Can consolidation create sustainable long-term value, or will it prove seductive but, ultimately, disappointing to shareholders, employees, customers, and management alike?
Fulfilling the Value Proposition
The Next M&A Wave: If mergers are once again a potential strategy for accomplishing growth objectives, the previous round of transactions offer several lessons.
growth will require companies to pursue a number of simultaneous strategies:
- Build the rate base to meet supply security and reliability concerns;
- File for new rates to match current costs and recover past attrition;
- Attack all costs to reduce the rate of growth and minimize fixed costs;
- Simplify the business to remove unnecessary costs of differentiation;
- Deploy capital effectively to improve investment productivity;
- Reshape regulatory policies to provide for current investment recovery;
- Develop the top line to create new revenue sources; and
- Play the M&A card to capture earnings from consolidation.
Companies cannot safely conclude that promised growth can be achieved either organically or operationally. Accordingly, M&A is more than just an adjunct strategy, it has once again come center circle as a real, viable, and necessary method of capturing earnings potential. -T.F. and B.K
Mergers between utilities have been a principal strategy for growth, but not always with intended results.
Given the shaky financial standing of the sector, the last few years have produced little activity in the area of equity transactions. Most deals have been conducted around assets like power plants, pipelines, storage, and isolated pieces of operating properties.
In the not-so-recent past, however, equity transactions eagerly were awaited by Monday-morning financial headline readers. Over the period 1995-2000, almost 50 domestic stock transactions were announced affecting electric U.S. utilities. In addition to domestic mergers or acquisitions, a number of U.S. companies announced international transactions in Great Britain, Australia, Brazil and other far-flung locations. And, coming back across the waters, several international acquirers established beachheads in the U.S. sector.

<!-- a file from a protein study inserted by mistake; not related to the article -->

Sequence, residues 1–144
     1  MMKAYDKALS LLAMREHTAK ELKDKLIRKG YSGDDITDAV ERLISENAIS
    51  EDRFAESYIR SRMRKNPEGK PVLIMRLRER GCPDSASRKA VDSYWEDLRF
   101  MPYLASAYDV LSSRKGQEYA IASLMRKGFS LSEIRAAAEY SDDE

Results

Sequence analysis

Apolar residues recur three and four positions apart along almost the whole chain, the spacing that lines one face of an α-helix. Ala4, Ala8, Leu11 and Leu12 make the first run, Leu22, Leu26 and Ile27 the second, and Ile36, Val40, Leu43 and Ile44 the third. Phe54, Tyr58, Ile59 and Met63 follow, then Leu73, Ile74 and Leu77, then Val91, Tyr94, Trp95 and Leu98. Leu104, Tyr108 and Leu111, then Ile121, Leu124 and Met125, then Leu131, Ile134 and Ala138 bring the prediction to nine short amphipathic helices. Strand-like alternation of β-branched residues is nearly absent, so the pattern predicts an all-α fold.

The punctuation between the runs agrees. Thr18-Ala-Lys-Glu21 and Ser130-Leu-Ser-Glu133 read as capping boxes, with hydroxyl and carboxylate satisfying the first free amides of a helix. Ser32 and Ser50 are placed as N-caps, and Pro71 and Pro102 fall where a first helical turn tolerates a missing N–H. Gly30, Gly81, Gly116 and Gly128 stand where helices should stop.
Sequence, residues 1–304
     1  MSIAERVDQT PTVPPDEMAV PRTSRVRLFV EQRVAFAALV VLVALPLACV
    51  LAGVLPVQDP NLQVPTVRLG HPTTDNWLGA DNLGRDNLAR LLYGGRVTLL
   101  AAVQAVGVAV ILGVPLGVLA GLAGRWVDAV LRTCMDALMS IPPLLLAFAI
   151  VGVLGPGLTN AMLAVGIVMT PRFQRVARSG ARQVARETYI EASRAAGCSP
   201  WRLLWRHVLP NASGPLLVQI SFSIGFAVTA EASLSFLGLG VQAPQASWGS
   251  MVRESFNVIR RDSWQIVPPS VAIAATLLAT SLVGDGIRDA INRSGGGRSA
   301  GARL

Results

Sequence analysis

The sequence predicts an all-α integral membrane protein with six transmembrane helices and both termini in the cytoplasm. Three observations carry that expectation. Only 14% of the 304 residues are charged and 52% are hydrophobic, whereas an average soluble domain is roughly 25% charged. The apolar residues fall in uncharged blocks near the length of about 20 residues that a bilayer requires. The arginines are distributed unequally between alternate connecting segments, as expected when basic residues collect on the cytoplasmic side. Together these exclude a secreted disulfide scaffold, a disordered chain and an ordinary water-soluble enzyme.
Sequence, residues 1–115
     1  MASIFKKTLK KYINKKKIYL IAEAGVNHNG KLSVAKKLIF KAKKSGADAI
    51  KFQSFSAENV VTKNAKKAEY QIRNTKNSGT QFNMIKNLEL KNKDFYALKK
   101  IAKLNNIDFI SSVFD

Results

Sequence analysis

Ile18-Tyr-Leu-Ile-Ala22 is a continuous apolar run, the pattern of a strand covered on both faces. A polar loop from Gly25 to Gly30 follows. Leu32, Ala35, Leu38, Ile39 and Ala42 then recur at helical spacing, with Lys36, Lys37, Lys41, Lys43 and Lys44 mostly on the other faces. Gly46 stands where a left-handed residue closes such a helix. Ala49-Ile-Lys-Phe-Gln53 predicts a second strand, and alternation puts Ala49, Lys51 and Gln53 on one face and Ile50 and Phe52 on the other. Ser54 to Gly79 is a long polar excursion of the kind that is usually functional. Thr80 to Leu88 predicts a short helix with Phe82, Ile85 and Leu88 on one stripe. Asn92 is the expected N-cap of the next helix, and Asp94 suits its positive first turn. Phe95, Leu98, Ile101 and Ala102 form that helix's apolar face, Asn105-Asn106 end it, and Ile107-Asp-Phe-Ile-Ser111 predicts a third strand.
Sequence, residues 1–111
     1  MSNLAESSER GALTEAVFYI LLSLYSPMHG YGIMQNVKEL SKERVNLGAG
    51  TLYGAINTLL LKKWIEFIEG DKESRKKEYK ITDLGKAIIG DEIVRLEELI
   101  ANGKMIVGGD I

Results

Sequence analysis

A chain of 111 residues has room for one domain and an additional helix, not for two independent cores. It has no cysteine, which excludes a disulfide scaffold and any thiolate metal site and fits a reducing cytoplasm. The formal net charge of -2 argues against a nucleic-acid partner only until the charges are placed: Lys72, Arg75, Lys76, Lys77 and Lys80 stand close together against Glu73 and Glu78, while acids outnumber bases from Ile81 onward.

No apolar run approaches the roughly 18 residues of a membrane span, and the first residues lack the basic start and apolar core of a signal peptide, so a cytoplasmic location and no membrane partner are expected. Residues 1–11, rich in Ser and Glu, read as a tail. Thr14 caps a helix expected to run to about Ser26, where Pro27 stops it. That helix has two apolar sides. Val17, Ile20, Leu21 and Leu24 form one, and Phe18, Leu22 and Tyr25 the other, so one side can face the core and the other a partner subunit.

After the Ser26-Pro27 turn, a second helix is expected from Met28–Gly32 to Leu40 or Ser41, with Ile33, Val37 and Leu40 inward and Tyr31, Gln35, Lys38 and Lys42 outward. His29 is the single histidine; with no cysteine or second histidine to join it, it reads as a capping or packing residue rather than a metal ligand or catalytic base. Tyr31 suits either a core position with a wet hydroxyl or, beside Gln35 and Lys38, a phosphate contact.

At the early stages of consolidation, companies were driven to prepare for the widely anticipated deregulation and unbundling of the industry, leading them to consider the adequacy of their scale and the depth of their capabilities for successful navigation of more competitive waters. This also precipitated the roll-up of some entities and the regionalization of companies. Figure 6 illustrates the number of announced electric stock transactions that occurred through this time frame, along with the number of remaining electric U.S. utilities.
This figure clearly indicates that transactions tend to come in waves as market conditions, financial positions, competitive realities, regulatory changes, or management attitudes dictate the specific circumstances surrounding industry consolidation. Interestingly, the high-water mark for transactions in the United States was 1999, well after the first wave of combinations driven by readiness for competition. This succeeding wave of transactions, however, was not a product of new or uniquely different circumstances. Many of the transactions of the late-1990s were initiated because companies had an opportunity to view the results of those preceding combinations and were more comfortable with the indicated outcomes.
Both waves of previous consolidation reflected a sentiment among utility managements that stand-alone survival was not assured or, similarly, that success was more likely with a larger, more stable, and diverse portfolio. The combinations that occurred over the 1995-2000 time frame changed the landscape of the sector and reshaped the list of top 10 largest companies. The new entries to that list have largely continued to increase